However, such a defense marriage can only take place with the blessing of the government of Rome. The government controls both Leonardo and Fincantieri. And he will have his say in the proposed sale of Oto Melara and Wass, another subsidiary of Leonardo. German defense companies are well aware of the need for support from Rome. “I am open to creating a partnership in Italy,” Papperger said in the interview with Le Sole 24 Ore“but, of course, we need the agreement of the government, to which we have explained our position”.
Italian leaders should recognize the political benefits of closer security and defense cooperation with Germany. In recent years, Italy and Germany have been at odds in areas ranging from migration to structural economic reform. Although the election of Mario Draghi as Italy’s prime minister has eased tension between the parties, he and Scholz are at odds on key political issues such as reforming EU debt rules. Determined to overcome these differences, Italy and Germany have committed to sign a cooperation action plan by mid-2022. By including defense industrial cooperation in this pact, they could match France’s leadership in this area and sustainably promote European strategic autonomy, an important issue for decision-makers in Rome and Berlin.
A bilateral foundation for pan-European cooperation
Such German-Italian cooperation will have to be outward-looking if it does not want to be perceived as a threat to other European defense industries, in particular that of France. Historically skeptical of German rearmament, France could view such cooperation as a challenge to its leadership of EU defense policy. Germany and Italy should be open to extending their joint defense industrial projects to France. To this end, their efforts in this area should aim to promote complementarity between European defense industries, value chains and technologies.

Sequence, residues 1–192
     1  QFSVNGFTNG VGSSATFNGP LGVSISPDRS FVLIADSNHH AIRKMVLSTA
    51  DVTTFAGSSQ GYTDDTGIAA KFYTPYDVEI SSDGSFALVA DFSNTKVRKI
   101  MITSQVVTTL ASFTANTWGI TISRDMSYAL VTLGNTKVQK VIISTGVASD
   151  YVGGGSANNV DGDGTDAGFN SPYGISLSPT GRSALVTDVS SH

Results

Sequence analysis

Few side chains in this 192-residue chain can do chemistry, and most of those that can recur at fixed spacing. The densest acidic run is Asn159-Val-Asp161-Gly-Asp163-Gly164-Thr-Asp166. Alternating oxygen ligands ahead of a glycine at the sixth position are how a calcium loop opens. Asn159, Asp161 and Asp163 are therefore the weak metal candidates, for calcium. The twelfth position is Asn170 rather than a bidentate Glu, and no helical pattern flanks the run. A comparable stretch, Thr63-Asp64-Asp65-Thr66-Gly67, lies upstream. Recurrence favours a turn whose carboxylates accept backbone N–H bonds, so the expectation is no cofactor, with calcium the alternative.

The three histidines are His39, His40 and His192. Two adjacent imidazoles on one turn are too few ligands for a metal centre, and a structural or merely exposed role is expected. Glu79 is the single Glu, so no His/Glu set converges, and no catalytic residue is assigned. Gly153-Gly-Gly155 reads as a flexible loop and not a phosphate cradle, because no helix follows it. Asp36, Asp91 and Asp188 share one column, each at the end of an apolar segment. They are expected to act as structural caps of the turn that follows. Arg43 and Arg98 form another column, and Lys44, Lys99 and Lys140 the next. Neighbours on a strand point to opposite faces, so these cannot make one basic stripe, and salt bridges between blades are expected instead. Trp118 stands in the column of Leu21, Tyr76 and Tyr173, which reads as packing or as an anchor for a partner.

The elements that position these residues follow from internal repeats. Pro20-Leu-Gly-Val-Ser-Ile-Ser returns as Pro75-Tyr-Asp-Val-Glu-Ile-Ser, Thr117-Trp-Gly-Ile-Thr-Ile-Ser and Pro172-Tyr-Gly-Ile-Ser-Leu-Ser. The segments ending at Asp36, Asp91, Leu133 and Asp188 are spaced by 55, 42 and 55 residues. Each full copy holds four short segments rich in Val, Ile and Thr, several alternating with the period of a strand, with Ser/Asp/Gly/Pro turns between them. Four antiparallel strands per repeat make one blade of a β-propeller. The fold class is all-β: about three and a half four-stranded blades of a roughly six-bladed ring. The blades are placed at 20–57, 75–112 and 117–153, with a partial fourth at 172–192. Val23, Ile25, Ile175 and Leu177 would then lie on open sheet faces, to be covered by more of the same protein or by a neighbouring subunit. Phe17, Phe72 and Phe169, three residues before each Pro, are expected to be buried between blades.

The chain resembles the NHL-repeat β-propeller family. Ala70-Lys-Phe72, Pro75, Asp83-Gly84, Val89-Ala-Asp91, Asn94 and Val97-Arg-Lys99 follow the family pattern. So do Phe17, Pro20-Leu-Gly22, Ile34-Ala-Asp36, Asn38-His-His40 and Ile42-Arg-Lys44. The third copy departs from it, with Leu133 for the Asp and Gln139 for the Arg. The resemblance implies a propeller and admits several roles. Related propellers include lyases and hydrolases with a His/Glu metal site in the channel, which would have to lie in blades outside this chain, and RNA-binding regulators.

As such, the initially bilateral cooperation could lead to a wider integration of European security and defence. Indeed, any ambitious defense initiative within the European Union will require the support of several Member States. Enterprises such as the European Intervention Initiative and the Permanent Structured Cooperation are valuable formats in which Italy and Germany can engage with other European countries on operational and industrial issues. As part of this effort, they should try to stimulate the development of European defense consortia – which would create a promising avenue for strengthening European strategic autonomy. While much technological innovation has traditionally started in the military before entering the civilian sector, it is now increasingly common for such innovation to start with private, non-state actors before entering the civilian sector. reach the military domain. This trend calls for closer and more sustained cooperation between the civil and military sectors across Europe, covering both public and private companies. This is one of the main ways in which European governments can meet the challenges of diminishing state control over emerging technologies.
By supporting pan-European defense industrial cooperation, the EU can stimulate both economic innovation and its credibility as a geopolitical actor. There is no strategic autonomy without a strong defense industry. And cooperation between Italy and Germany can breathe new life into long-running attempts to integrate European defense industries. Italian leaders are right to consider how defense spending affects society as a whole, but they should not overlook its benefits beyond the realm of security. They have much to gain from becoming credible leaders in this increasingly important policy area.
The European Council on Foreign Relations does not take a collective position. ECFR publications represent the views of its individual authors only.